“I’m writing, composing and recording all by myself”: Michael Stipe reveals he’s working on new material

The R.E.M. frontman says he has 18 songs "already ready".

Michael Stipe has revealed that he’s working on new material for his first solo project, the first new music he’s written since R.E.M. broke up eight years ago.

In a new interview with Italian newspaper La Repubblica, Stipe revealed that he’s been writing again for the fist time since his band split and that he has a bunch of songs ready to go.

“For five years I’d had a clean break from music,” he said. “Now I’m writing, composing and recording all by myself and for the first time.” He added that “18 songs are already ready.”


New material from Stipe has been teased via a 40-second song snippet, ‘Future, If Future’, and during his surprise opening for Patti Smith in May where he performed two new songs: ‘Your Capricious Soul’ and ‘Drive to the Ocean.’

Last year, Stipe worked on an exhibition in New York and shared a picture of himself holding hands with Thom Yorke after the Radiohead frontman visited the exhibition.

The “Infinity Mirror” exhibition was inspired by his art book, Volume 1, which according to Williamsburg’s Journal Gallery, where the exhibit is on display, “further expands on his use of photo-based practices to explore the 1970s as a formative decade through its cultural impact on his coming of age, and subsequently, the manner in which its influence informed the creative work he went on to create, both privately and as a public figure.”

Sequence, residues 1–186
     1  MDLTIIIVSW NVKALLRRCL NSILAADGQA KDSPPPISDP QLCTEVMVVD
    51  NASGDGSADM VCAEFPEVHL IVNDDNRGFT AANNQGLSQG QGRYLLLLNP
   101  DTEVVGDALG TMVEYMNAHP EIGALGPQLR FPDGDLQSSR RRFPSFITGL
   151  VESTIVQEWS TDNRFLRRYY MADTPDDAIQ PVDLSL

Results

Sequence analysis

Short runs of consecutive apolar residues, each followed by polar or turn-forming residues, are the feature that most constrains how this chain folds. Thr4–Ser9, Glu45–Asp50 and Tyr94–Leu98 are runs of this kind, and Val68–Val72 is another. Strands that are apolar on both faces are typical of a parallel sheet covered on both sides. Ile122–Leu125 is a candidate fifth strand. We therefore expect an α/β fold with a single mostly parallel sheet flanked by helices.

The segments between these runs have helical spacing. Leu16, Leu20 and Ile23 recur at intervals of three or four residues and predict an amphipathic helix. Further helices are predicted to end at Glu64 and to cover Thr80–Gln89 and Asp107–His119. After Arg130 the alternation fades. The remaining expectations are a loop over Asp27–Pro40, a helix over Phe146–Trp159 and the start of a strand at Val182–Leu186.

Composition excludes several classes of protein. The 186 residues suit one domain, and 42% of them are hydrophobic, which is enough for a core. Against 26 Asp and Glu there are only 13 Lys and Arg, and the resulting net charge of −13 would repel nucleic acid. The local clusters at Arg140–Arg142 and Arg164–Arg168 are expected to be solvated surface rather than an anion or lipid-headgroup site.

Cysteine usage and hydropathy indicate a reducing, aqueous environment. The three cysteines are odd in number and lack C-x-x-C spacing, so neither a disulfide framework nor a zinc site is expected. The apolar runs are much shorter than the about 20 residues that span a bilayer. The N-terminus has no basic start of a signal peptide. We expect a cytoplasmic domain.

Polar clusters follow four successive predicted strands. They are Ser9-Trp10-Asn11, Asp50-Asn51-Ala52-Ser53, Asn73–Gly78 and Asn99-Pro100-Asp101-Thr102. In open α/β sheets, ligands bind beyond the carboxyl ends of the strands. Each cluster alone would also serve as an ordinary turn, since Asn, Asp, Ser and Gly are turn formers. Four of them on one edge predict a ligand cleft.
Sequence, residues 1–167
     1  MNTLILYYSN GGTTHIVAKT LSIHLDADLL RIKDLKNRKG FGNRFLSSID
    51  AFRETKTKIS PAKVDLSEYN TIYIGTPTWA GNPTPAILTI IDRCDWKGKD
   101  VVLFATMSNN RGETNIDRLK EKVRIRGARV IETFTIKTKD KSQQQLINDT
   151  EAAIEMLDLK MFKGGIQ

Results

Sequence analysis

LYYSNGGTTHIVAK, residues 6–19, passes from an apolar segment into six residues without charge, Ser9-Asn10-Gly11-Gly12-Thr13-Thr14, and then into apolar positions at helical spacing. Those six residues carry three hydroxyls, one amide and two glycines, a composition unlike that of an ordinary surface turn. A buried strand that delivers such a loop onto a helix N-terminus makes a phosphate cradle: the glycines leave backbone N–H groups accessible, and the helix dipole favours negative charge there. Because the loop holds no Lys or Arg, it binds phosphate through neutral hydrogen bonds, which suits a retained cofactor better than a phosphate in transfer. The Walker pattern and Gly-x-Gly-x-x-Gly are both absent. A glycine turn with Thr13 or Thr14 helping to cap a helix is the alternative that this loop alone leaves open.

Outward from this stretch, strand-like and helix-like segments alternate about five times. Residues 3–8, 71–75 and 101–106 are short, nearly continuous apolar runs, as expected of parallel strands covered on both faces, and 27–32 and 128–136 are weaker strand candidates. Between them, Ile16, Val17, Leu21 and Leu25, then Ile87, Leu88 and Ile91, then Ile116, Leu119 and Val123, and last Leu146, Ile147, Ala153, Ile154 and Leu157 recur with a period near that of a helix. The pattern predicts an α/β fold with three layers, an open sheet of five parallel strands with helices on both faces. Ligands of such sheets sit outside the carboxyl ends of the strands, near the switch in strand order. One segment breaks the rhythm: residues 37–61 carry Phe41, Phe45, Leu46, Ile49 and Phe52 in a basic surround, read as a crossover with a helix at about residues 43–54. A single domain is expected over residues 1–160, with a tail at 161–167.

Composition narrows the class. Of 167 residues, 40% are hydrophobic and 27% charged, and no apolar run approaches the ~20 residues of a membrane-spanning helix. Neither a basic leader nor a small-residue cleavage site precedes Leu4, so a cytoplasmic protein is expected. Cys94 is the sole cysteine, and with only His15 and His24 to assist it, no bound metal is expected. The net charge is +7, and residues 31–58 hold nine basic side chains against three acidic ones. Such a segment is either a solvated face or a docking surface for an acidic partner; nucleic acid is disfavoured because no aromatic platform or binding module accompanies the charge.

Meanwhile, R.E.M. recently responded to the news in the New York Times that hundreds of recordings had been lost during a fire at Universal in 2008.

On June 11, R.E.M. put out a statement on social media: “We are trying to get good information to find out what happened and the effect on the band’s music, if any,” it read. “We will detail further as and when.”


Hundreds of artists lost their recordings in the blaze and the story notes it’s likely that many of them were, until the article’s publication, kept in the dark.

The New York Times article quotes a Universal Music Group spokesperson who said the company “doesn’t publicly discuss our private conversations with artists and estates.”